Monday, May 11, 2009


Allow me to explain my interest in this novel with the small paint-generated graph above.
You'll see that I began with mild interest, which was quickly peaked, and for about 150 pages I was quite intrigued.
Then you'll notice that I steadily lost interest for about 200 pages, hoping all along that things would pick back up, but that never happened.
While reading Jame Joyce's epic novel Ulysses one thing became abundantly clear:
I am not cut out to read Ulysses.
This book is borderline impossible to get through, no joke. I have an English degree, I consider myself a fairly intelligent person, I enjoy reading, I like a good challenge from time to time. But this book is something of a monster, like, I don't know, the thing from Cloverfield. That seems like a fair analogy. Mostly because once it bites you, your head explodes.
I wish I could say that I enjoy reading 800 page novels with no chapter breaks and an anonymous narrator whose stream of conscious reads like a text book at some times and the town drunk at others, but I just couldn't pull it off. I got half way through and realized there was just no way I could push through the last 400 pages.
Within the last week, I don't think I there was one instance in which I sat down to read this juggernaut and didn't fall asleep within ten pages.

THAT SAID this book did a lot of really cool things and actually was very enjoyable for the first 200 pages.
Ulysses is another name for Odysseus, though I'm not exactly sure why, and this book goes by the name it does because it is a retelling of The Odyssesy set in 1904 Ireland. As The Odyssey was taught to me, one major theme prevails above the rest, and this is the struggle to be human in very non-human environments. Essentially, in his travel home, Odysseus must resist the dangers of becoming animal and also the danger of becoming an immortal. With this in mind, it's easy read the first few hundred pages of Ulysses and get a lot out of it because the theme of life and death is dealt with heavily. The nature of life, the weight of life, the weight of death, the prospect of immortality, the animalistic nature of man, these things are all brought to the surface and examined. In fact, the thing I liked most about this book is that it seems Joyce found just about every single angle to look at life and death.
The death of a mother or father means the loss of your point of origin, the death of a child means an end to your line and you will not live forever, there is a funeral scene in which the great precious value of life is juxtaposed with everyday routine including the routine of death, birth is presented with all its poetic flowery pretenses and also with focus on the actually bloody act of labor, and the significance/insignificance of life is constantly weighed.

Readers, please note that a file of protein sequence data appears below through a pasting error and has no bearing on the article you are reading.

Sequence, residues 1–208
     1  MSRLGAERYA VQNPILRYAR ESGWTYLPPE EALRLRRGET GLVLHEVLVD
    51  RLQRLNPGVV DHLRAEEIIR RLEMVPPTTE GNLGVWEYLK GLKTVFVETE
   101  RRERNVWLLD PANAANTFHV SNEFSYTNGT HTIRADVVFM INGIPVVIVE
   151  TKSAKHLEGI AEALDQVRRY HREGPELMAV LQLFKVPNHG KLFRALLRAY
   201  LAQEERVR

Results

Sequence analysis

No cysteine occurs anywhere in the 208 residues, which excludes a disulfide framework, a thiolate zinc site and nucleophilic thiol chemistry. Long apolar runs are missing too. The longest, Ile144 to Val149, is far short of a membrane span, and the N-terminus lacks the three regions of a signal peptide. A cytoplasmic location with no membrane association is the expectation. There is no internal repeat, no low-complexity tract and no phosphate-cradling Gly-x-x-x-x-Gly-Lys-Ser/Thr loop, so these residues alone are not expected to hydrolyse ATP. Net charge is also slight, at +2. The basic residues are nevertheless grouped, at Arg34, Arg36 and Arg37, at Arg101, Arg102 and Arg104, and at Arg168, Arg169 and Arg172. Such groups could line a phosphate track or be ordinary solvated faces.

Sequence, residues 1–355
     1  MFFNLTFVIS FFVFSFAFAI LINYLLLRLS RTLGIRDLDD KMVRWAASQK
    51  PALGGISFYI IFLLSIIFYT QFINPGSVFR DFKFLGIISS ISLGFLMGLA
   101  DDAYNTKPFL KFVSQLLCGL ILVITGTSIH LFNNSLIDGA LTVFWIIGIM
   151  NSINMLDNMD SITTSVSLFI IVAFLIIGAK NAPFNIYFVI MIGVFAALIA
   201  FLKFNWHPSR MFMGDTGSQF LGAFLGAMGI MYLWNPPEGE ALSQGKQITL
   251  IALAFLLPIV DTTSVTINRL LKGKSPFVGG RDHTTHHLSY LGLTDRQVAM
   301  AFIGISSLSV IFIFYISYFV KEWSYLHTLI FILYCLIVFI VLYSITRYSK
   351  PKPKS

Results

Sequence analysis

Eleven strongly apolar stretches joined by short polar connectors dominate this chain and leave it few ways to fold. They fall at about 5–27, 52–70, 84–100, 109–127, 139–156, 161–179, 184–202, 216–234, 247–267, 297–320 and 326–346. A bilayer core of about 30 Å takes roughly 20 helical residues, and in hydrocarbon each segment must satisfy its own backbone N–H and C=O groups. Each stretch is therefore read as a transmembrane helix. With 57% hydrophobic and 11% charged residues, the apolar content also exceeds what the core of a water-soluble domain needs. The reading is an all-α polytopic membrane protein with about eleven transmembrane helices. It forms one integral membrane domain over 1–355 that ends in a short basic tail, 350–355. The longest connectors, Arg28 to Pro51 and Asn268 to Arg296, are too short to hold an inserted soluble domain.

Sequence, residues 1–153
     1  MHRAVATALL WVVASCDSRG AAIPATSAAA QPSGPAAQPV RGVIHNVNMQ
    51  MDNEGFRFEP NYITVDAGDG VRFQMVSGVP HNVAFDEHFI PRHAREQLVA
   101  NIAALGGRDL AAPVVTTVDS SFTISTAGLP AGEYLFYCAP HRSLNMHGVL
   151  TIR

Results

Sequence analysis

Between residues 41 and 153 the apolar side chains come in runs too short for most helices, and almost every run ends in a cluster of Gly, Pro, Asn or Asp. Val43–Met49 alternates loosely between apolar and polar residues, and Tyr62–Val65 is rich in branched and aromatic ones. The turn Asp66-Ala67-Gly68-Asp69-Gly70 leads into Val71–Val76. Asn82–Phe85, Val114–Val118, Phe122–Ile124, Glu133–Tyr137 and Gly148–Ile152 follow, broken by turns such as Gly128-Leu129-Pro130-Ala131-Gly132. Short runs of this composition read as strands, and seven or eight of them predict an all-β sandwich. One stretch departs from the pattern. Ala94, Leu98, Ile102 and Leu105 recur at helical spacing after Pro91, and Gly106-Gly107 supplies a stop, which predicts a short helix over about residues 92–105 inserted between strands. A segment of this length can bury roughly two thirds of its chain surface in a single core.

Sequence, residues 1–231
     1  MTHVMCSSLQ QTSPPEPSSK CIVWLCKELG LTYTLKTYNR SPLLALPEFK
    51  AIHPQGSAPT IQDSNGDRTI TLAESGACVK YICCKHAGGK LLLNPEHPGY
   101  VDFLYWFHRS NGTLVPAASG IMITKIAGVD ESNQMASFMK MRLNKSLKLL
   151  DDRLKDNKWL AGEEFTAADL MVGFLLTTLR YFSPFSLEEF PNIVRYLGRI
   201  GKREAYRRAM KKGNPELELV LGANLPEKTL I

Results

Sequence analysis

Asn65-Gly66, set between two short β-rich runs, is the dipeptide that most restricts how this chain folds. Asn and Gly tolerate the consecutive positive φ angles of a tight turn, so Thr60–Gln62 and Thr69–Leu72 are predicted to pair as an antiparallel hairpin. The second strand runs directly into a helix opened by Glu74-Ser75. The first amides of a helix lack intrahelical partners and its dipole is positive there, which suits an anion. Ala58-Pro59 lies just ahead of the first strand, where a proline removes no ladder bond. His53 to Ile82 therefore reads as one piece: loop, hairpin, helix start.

The stream of conscious style was also particularly effective in some cases. For example: in the section meant to resemble the sirens chapter of The Odyssey, Leopold Bloom (the protagonist) is in a bar, observing the women around him as well as the music. He goes back and forth and back and forth until, in his jumbled mind, the two become one, and the reader is presented with actual sirens in the pub.
So yes, this book did a lot of cool things, and I wish I could say that I could finish it. But alas dear blog readers, life is too short to absolutely hate what you're doing, especially when you just finished college and the thing you were looking forward to the most was to not have to read things you didn't want to.
You may call me a quitter, but I just couldn't read anymore sentences like, "Universally that person's acumen is esteemed very little perceptive concerning whatsoever matters are being held as most profitable by morals with sapience endowed to be studied who is ignorant of that which the most in doctrine erudite and certainly by reason of that in them high mind's ornament deserving of veneration constantly maintain when by general consent they affirm that other circumstances being equal by no exterior splendour is the prosperity of a nation more efficaciously asserted than by the measure of how far forward may have progressed the tribute of its solicitude for that proliferent continuance which of evils the original if it be absent when fortunately present constitutes the certain sign of omnipollent nature's incorrupted benefaction."
That was just ONE SENTENCE! I bet you didn't read it all, did you? Yeah, so who's the real quitter here?
I'll be sticking Ulysses back on the shelf for another time, maybe later this summer, maybe not.
The book I'm starting this week: The Ultimate Hitchhiker's Guide. After Ulysses, I thought something hyper-entertaining would be a nice change. After that, I'm thinking I'll read some Noam Chomsky.
In any case, I'll be talking about it here.

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